Uber app display during DNC in Philadelphia. | Photo by Fabiola Cineas
All good things come to an end.
Now that Uber and Lyft’s short and sweet grace period has ended with the expiration of Act 85, the Philadelphia Parking Authority has announced that it fully intends to resume enforcement against the ride-sharing companies – as well as lift several regulations against the taxi industry. Read more »
Promotional photos from the press kits of Uber (left) and Lyft
Uber and Lyft are once again illegal in the City of Philadelphia following the expiration of a summer-long reprieve granted by the state legislature.
The bill had required Uber and Lyft to pay 1 percent of their gross receipts to the Philadelphia Parking Authority, which regulates taxis and taxi-like services in the city. Two-thirds of that amount went to the Philadelphia School District, while the PPA kept a third. Read more »
Philadelphia Parking Authority director Vince Fenerty will lose his job following accusations from two women that he sexually harassed them, according to the Inquirer.
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Because Philly Free Streets doesn’t need another reason to be seen as slightly disappointing, the city will cancel all tickets issued to drivers who had their cars towed as a result of the event this past Saturday. Read more »
A PPA kiosk in Center City | Photo: Dan McQuade
The era of free parking in Center City is coming to an end.
Currently, street parking in Center City is free after 5 p.m. on Wednesday nights and on the first Friday of every month. As first reported by Philly.com, the PPA recently announced that it’s ending the promotion.
“The conclusion of these promotions is intended to increase parking opportunities for those shopping and dining in the city, and in light of the increased flexibility afforded by the meterUP app,” the PPA wrote on its blog. “In addition, the PPA has increased time limits in the evening on most Center City blocks allowing enough time for people participating in night time activities without being rushed to get back to move their car.” Read more »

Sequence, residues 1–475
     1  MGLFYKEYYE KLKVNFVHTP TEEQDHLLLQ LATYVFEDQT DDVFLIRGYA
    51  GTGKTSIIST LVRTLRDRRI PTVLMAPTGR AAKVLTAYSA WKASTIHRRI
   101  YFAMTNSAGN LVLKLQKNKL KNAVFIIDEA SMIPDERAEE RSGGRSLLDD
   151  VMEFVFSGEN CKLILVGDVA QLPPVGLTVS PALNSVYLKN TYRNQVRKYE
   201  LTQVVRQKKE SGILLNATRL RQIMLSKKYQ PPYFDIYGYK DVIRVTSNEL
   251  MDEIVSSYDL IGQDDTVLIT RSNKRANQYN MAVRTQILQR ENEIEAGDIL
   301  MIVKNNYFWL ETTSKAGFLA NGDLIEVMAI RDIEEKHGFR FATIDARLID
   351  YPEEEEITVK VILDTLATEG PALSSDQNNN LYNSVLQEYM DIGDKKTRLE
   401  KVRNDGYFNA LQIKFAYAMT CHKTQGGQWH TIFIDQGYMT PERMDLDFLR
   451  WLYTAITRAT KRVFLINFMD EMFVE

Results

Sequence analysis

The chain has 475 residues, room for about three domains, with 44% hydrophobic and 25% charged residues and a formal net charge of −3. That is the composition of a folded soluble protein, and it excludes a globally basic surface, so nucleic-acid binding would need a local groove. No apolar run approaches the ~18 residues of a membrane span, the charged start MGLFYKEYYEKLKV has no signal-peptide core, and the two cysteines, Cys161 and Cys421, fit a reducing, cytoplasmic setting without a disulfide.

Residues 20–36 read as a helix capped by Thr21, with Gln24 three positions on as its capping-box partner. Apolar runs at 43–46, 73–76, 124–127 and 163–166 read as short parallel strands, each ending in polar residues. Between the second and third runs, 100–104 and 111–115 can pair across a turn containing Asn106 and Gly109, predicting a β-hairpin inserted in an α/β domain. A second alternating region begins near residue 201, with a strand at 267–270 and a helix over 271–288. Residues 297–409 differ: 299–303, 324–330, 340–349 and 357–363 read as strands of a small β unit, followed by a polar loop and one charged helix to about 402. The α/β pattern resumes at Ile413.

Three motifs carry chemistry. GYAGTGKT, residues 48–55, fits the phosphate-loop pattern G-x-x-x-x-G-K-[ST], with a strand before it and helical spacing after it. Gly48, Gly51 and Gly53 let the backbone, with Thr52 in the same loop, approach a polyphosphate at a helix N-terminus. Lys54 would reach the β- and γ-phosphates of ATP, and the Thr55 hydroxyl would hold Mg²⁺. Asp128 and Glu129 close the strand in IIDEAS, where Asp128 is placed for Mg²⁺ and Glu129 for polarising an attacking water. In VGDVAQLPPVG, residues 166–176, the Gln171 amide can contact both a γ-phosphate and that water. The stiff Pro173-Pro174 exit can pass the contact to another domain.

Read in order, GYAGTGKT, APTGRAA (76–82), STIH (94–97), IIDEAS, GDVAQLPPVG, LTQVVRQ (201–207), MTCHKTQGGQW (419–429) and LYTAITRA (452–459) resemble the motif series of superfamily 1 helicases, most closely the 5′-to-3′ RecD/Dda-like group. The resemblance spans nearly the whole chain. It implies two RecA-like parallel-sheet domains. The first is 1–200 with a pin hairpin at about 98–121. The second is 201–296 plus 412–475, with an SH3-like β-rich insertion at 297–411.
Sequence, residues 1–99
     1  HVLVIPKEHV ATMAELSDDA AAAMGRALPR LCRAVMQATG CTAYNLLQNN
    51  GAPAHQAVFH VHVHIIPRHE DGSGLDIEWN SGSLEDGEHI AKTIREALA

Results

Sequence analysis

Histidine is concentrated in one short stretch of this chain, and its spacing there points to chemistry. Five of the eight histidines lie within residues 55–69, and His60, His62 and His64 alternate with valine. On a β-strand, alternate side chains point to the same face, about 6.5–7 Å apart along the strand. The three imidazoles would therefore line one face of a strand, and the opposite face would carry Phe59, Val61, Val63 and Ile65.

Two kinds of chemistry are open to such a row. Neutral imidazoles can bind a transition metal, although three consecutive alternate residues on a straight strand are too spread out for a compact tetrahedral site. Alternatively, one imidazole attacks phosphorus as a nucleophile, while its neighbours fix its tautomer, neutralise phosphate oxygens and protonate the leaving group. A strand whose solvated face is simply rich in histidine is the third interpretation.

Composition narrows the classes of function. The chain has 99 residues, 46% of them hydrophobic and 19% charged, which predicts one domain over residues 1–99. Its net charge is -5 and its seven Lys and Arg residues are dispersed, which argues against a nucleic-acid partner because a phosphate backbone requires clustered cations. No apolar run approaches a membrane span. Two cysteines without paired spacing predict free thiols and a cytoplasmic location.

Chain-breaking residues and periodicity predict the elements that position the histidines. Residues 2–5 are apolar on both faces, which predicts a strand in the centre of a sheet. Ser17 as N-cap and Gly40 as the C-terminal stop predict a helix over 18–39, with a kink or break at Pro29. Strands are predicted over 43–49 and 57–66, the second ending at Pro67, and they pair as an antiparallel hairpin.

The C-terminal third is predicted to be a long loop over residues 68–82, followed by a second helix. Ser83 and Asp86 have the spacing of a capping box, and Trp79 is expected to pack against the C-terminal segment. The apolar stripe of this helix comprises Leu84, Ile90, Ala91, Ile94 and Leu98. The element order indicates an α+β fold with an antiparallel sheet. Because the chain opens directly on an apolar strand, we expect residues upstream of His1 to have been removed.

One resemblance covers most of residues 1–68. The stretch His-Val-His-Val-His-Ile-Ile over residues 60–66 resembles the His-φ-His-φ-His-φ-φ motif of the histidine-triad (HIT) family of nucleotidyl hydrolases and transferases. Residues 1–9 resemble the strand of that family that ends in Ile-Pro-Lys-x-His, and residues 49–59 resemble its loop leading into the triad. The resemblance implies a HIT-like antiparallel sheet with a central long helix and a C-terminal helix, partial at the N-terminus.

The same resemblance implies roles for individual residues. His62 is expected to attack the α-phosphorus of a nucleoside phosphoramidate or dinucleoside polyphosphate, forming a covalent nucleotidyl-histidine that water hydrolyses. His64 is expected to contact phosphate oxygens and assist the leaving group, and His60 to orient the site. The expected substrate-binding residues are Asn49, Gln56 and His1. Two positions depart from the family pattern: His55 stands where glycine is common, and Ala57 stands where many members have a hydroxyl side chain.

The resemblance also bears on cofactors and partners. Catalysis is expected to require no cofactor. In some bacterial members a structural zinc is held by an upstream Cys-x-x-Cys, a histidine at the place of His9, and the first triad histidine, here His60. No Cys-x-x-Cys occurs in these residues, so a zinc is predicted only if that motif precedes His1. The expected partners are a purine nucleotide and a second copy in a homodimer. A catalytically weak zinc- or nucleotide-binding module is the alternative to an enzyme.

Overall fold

Footage of an alleged tow truck bait scheme is gaining traction after South Philly vigilante Chris Norman posted it to Facebook on Monday.
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Photograph by Claudia Gavin
People have been parking their cars in the middle of Broad Street for as long as anyone can remember, even though it’s against the law. It’s just one of those Philly things, and one that has apparently been going on for at least 100 years. But one agency known best for killing everyone’s fun has announced that your car will be towed if you attempt to park it on the South Broad Street median during the Democratic National Convention. Read more »
The Philadelphia Parking Authority will allow Uber to operate legally throughout the coming weeks while SEPTA runs on a heavily adjusted schedule that has left Regional Rail commuters struggling to reach their destinations.
The PPA offered Uber a detente on Tuesday, according to the Inquirer, meaning the app that lets passengers hail drivers from their phones can operate under legal circumstances temporarily.
In April, the Pennsylvania Public Utility Commission fined Uber $11.4 million for doing business in the city without authority. Just last week, legislators refrained from voting on a bill that would fully legalize Uber services. It could be called to a vote after summer recess. Read more »
Councilwoman Maria Quinones Sanchez has introduced legislation that could help prevent private companies from illegally towing cars.
It’s an issue she said is prevalent in her district, which includes parts of rapidly developing neighborhoods like Fishtown. She says her office hears often from people who have had their cars towed from legal parking spots.
According to CBS 3, the District Attorney’s office is reportedly investigating some private towing companies, but the office declined to comment to Philly Mag about the report.
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It’s not hard to see how this could have ended tragically. Photo | Brian Howard
We’ve all been having some good laughs over the Double Dz party bus that was burnt to a crisp on Broad Street last weekend, because with a slippery, fast-talking guy like Double Dz owner Blake Harris and tales and photos from the bachelorette party that used the bus the night that it burned, it’s hard not to at least chuckle a little. But in reality, this is no laughing matter. Read more »